You might be using illicit drugs for lots of reasons: to numb physical or emotional pain, to relax, to celebrate or just to experiment. However, some people become so dependent on them that the drugs end up controlling their lives. You’ll know you have a problem with drugs if:
- You feel really bad (physically and mentally) if you don’t have them
- You need them to feel normal
- You feel alienated from your friends and family
- You’re having financial problems because of your drug use
People with a drug problem nearly always have an underlying psychological issue such as anxiety, depression or another mental illness. They think that the drugs are making them feel better, but the truth is the drugs are making the illness worse.
I want this to stop
If you want to cut down or stop using illicit drugs you’ll need a lot of support because once you take away the drugs, all the emotional pain you were trying to avoid starts coming up.
- Get personal support: tell someone close to you or your doctor that you want to get clean.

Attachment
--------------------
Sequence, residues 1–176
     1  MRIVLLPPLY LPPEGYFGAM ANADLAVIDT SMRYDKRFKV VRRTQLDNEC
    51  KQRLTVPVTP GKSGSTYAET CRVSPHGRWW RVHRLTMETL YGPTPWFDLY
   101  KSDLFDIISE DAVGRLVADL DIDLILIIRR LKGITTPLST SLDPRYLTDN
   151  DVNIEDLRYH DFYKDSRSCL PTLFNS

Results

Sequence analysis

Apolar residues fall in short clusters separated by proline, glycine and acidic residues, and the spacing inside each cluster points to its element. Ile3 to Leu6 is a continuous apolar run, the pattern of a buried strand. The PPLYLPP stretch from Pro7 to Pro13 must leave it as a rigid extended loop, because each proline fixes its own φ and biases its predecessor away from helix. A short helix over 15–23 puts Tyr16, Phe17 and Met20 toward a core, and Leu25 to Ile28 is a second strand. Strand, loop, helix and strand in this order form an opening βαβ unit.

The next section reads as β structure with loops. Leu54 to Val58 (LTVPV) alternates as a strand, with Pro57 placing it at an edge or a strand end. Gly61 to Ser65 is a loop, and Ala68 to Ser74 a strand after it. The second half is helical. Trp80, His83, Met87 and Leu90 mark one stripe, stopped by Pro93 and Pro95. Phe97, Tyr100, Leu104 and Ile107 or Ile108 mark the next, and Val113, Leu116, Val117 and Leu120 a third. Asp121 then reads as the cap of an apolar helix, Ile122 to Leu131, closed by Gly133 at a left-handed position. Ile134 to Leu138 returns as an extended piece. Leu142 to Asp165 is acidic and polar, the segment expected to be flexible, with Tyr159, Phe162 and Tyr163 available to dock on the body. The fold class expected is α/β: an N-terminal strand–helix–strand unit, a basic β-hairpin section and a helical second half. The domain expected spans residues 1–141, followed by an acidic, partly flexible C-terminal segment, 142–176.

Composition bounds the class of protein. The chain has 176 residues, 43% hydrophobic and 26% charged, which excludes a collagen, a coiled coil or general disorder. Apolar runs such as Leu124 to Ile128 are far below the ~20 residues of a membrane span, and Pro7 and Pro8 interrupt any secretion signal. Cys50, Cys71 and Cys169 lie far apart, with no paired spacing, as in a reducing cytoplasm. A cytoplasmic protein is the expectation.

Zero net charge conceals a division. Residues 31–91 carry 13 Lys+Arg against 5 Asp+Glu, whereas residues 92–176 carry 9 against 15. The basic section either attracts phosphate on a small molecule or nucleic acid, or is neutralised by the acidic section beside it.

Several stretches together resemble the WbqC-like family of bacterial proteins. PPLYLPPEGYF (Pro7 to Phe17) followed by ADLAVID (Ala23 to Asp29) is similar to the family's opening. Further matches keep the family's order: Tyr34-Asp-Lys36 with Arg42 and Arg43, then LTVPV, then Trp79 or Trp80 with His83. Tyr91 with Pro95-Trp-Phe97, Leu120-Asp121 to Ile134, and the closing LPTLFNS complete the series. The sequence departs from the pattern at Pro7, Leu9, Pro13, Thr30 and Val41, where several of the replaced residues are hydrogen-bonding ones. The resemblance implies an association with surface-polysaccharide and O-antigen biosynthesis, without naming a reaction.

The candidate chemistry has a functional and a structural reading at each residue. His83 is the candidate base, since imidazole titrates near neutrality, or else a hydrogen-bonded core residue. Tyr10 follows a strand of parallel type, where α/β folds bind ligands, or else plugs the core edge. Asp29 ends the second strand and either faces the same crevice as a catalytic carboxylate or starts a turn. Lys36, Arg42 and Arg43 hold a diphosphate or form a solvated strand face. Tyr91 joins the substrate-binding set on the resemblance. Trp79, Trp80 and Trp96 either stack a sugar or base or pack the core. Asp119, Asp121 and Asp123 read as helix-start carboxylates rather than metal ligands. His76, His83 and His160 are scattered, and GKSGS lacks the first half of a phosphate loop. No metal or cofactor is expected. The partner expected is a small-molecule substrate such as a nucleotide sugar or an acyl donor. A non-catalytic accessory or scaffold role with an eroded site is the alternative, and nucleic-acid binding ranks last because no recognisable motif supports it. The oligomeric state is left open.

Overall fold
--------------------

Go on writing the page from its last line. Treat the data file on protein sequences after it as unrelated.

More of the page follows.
- Get professional support: ask your doctor for a referral to a clinic or counsellor, or contact one of the services here:
Counselling Online (1800 888 236) offers 24/7 drug and alcohol counselling and advice via telephone and web chat.
Cannabis Information and Helpline (1800 30 40 50) offers telephone advice and support 11am–7pm weekdays including public holidays.
Smart Recovery Australia runs group meetings Australia-wide to help people addicted to drugs and alcohol.
Somazone has a directory of drug and alcohol services for every state and territory in Australia. It’s a youth health site run by the Australian Drug Foundation.
- Go easy on yourself. It takes a lot of guts to ditch drugs. Tell yourself you’re doing a good job every day.
- In the meantime, try to be safe. Don’t use drugs alone (so you can get help if something goes wrong) and use clean and hygienic tools to minimise the risk of infections and disease.